The calm and peaceful atmosphere of the song is suddenly interrupted with the appearance of the first orchestral interlude. Here, Mother Earth has a more serious and somber demeanor, as two tone clusters, played in strings and winds, project a more intense atmosphere. Earth’s voice appears in the clarinet this time, while her elevated and somewhat uneven heartbeat in the timpani and bass drum. In this section the drummers join the orchestra in accompaniment, as if listening intently to what the mother has to say. Following the interruption, the song resumes with the second (Ojibwe) verse. The peaceful, calm atmosphere returns as the singers take the lead once again and the orchestra accompanies.
The development section begins with another narration section, where Mother Earth “speaks” once again and reading of the poem occurs. The mood and pacing of this section is more intense and urgent. Earth’s voice appears this time in fragmentation, with short motives of the melody stated in imitation in different wind instruments. The heartbeat motive (in bass drum) is also much faster and intense. The narration reflects the fragmented nature of the melody: the first portion of the poem is presented in a call-and-response manner between the narrator, who reads the poem text, and the rest of the singers, who respond to the narrator by emphasizing important words in the text. A gradual crescendo and addition of low brass and percussion instruments leads to the third (English) verse of the song. In this verse the previously calm and peaceful atmosphere is transformed into a more celebratory one by way of greater harmonic exploration and colorful orchestration. In this section the singers and the orchestra are on equal footing, joyfully joining together in song.
Initiated by a thundering timpani roll, a sudden key change leads to the first climax of the work. In this section the English verse is repeated with broad and majestic sonorities in the orchestra. Both soloists and orchestra join together in joyous, sun-filled celebration and song. This section features majestic brass passages, shimmering harp glissandi, playful percussion rhythms and other colorful moments. As the verse draws to a close, the radiant sunshine atmosphere gives way to incoming rain clouds, as short orchestral transition leads to a violent storm scene.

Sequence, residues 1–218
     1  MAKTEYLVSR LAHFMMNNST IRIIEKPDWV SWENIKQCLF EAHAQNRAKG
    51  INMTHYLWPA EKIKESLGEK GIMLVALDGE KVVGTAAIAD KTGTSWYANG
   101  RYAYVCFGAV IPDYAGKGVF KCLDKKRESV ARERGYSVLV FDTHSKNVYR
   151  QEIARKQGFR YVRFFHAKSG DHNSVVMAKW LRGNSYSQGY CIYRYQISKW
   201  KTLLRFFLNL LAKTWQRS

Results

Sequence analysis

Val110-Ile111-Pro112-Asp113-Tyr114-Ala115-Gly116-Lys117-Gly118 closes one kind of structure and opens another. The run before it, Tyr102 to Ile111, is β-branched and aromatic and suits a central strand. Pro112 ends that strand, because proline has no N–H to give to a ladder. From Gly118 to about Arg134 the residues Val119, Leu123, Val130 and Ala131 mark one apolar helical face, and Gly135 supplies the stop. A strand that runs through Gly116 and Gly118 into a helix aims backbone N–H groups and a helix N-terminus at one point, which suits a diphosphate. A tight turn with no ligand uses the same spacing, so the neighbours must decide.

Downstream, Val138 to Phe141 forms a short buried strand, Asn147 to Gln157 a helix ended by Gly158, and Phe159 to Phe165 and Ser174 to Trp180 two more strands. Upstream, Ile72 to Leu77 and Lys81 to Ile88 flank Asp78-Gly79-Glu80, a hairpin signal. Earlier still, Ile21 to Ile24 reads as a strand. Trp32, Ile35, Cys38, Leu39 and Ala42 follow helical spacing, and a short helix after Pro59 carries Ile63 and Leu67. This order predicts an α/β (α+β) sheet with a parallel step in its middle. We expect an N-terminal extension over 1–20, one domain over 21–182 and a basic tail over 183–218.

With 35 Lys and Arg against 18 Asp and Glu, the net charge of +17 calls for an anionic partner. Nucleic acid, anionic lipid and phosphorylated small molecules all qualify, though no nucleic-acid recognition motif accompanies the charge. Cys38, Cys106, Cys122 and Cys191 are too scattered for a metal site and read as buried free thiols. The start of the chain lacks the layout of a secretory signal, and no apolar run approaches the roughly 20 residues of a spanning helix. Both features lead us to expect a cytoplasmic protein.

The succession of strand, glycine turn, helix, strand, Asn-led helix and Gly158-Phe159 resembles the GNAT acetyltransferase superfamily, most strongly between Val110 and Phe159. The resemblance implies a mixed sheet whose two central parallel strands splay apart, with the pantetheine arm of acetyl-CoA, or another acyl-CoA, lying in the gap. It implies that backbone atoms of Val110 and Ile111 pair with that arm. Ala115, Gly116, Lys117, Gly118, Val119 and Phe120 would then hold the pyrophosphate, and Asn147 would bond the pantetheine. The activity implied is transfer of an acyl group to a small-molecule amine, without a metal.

The storm scene is the second climax of the work. Here, the earth's violent nature is portrayed with howling winds, rain and stormy conditions coming together in a violent outburst. In this section, earth’s voice appears in the blaring brass, while strong winds, rain and thunder are depicted in flute and clarinet runs and crashing rolls of the gong. Earth's pounding heartbeat is now amplified by all strings and percussion instruments, while the connection motive appears in its augmented form in low brass. All drummers and singers join the orchestra in incessant drumming rhythms that amplify the violent, stormy mood of this section.
The recapitulation section arrives with the third and final narration section. As the storm subsides, a moment of clarity and calm occurs over which the narrator reads the first part of the poem. This section has a somewhat eerie atmosphere created by the continual repetition of the connection motive in low strings, while harp and bowed vibraphone punctuate the passages. Short rhythmic motifs in the bassoons prepare the entrance of the closing verse of the song, which promptly follows with the statement “we are the people” sung by the soloists in both Mohawk and English languages. The piece ends in the same way it began: Mother Earth’s voice in the flute and her heartbeat in timpani and bass drum return as the narrator finishes reading the poem.